Design with Intent Toolkit

Dan Lockton, David Harrison, and Neville A. Stanton came up with this spiffy idea: The Design with Intent Toolkit v.0.9, a set of design principles with the aim of influencing user behavior.

The trio cover a wide range of design principles including how to encourage users to do something; guide them as to how to do it properly; and how to reduce errors by limiting choices and so on. There are even ways to subtly or not-so_subtly discourage users from doing what you don't want them to do.

You may think as some of these principles as obvious and common-sensical, but the hallmark of a great product is exactly that it can be used by people armed only with common sense.

Take, for instance, the way to influence user's behavior through the use of segmentation, spacing, and orientation:


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The thing is the material keeps talking about design, yet the material itself is so poorly designed.

Look at the way the text in the illustration above goes edge to edge with no margins at all. That is a CLASSIC example of 'design with intent' when the intent is to discourage the reading of some obligatory text - like the cancer warnings in a cigarette ad.
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This is great information and I'm very excited to see it in such a structured form. There is an enormous amount of food for thought available here for the amateur designer. I will be revisiting this regularly while scripting macros for a group of the-old-way-is-good-enough-for-me coworkers (the amount of resources and time wasted by their current methods are staggering). I feel fortunate to have this as a casual reference to spark new thoughts - my design partner and I often discuss influencing user behavior for their own benefit. We know how we'd like them to do things, but finding the right balance between gentle persuasion and a grating, controlled interface can be a challenge in some situations.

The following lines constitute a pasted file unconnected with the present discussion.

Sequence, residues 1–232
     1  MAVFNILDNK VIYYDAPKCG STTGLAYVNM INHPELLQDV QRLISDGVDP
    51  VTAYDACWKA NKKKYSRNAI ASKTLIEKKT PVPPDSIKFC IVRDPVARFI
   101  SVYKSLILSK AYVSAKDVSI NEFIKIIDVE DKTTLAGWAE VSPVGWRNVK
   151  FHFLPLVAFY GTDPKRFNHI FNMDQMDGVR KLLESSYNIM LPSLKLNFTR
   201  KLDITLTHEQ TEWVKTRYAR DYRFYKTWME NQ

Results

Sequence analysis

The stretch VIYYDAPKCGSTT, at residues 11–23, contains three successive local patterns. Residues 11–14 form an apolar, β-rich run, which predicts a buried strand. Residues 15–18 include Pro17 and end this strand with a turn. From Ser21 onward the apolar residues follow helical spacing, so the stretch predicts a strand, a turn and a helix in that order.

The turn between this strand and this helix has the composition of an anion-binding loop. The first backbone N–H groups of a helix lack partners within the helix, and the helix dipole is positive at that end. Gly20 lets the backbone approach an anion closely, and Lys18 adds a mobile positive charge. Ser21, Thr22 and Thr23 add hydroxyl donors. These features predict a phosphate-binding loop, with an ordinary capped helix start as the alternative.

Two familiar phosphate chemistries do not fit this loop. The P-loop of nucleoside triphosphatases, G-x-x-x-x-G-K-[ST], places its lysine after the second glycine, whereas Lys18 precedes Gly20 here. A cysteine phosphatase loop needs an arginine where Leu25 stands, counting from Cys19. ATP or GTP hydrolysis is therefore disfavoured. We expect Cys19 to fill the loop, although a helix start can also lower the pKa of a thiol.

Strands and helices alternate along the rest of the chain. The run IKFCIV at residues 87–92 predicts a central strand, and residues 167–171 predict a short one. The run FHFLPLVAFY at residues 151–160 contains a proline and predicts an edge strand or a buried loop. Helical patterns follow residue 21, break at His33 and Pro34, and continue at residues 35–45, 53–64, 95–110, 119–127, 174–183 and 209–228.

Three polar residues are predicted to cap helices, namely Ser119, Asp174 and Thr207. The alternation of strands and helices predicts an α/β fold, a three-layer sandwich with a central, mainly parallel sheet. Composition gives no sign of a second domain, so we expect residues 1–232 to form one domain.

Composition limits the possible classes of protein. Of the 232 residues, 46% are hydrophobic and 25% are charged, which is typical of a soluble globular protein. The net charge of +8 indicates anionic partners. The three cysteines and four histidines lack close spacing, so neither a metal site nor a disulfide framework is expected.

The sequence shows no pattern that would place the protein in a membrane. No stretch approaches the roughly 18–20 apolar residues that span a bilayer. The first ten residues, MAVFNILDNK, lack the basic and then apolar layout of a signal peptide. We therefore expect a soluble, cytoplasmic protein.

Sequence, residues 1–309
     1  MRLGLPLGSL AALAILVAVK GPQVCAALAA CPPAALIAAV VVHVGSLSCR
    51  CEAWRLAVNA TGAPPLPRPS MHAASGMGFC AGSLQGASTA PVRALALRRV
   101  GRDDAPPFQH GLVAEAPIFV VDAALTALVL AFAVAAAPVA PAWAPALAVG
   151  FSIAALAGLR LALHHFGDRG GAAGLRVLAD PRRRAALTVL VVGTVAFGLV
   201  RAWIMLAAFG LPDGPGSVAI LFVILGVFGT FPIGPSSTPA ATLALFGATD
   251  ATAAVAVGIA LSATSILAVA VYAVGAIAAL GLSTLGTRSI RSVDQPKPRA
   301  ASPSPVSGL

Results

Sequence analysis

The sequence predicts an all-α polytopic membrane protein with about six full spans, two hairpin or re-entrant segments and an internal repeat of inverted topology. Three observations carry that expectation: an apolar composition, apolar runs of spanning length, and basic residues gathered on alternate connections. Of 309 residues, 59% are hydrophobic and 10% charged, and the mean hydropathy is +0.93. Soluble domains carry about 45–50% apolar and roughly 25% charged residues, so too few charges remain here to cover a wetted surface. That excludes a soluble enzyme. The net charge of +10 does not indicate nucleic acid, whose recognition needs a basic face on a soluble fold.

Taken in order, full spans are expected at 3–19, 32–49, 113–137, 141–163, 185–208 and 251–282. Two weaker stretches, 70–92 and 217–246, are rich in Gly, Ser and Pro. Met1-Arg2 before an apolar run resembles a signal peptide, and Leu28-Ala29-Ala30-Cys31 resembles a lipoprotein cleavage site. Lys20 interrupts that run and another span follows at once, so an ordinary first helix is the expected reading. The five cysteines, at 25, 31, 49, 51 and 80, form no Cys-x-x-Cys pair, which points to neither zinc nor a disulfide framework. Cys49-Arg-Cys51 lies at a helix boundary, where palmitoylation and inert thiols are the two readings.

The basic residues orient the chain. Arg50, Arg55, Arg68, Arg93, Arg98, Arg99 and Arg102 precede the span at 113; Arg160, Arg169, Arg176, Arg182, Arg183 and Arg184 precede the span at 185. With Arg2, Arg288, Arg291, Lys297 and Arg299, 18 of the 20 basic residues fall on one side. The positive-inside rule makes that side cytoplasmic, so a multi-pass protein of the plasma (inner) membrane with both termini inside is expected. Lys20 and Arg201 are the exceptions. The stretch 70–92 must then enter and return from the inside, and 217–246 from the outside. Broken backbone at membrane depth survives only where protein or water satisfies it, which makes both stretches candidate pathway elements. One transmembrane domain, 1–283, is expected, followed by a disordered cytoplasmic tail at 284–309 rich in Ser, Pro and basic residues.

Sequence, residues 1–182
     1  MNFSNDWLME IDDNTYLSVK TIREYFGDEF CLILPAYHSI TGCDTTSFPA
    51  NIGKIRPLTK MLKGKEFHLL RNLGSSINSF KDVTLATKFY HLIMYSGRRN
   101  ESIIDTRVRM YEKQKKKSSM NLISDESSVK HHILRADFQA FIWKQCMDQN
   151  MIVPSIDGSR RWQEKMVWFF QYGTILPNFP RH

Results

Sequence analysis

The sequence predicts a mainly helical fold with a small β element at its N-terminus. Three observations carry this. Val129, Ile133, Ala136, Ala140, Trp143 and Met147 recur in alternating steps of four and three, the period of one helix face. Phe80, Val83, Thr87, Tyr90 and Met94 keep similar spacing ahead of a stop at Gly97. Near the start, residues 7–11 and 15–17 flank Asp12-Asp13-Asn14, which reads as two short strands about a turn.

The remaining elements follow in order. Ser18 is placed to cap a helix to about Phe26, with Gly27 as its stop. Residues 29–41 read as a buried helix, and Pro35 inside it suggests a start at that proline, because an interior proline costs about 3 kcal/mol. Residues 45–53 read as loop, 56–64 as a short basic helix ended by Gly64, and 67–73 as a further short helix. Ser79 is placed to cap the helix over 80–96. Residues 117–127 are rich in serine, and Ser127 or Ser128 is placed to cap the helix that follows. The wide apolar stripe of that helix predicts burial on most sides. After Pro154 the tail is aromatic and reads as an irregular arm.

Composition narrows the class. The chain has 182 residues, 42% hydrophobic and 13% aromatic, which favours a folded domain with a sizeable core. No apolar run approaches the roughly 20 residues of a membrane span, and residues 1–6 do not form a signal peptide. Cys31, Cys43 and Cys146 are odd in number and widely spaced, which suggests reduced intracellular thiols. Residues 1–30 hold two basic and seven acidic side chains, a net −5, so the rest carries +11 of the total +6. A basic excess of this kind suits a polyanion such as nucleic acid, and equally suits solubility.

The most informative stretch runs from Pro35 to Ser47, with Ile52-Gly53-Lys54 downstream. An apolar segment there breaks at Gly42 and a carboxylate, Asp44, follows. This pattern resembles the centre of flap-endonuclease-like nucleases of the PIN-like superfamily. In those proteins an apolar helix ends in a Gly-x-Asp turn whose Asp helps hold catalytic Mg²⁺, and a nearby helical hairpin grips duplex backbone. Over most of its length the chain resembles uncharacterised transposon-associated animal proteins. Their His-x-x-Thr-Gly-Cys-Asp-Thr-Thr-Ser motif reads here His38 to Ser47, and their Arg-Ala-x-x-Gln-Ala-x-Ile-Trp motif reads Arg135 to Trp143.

Are the naysayers here designers themselves that feel threatened by this simplified information or simply people that don’t design at all and think that producing a flawless final product on the first go is as easy as their morning deuce?
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Okay, so you didn't draw straws. Maybe you flipped a coin , instead.

Don't feel the need to defend yourself, Dan. It's the internet.

I'm just surprised you're getting your doctorate making a list of other people's design ideas.
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For all Dan says, my experience of many everyday objects is that they've been too firmly funneled into making me use them the way the designer intended and not open-ended enough.
This is most obvious, of course, in toys; even Lego are moving away from generalised stuff that allows you to use your mind towards specialised kits that show you what to make and how to make it.

I'm always saddened by Lego kits on eBay which have been assembled and then taken apart and kept in the original box with the original instructions. What a narrow existence.
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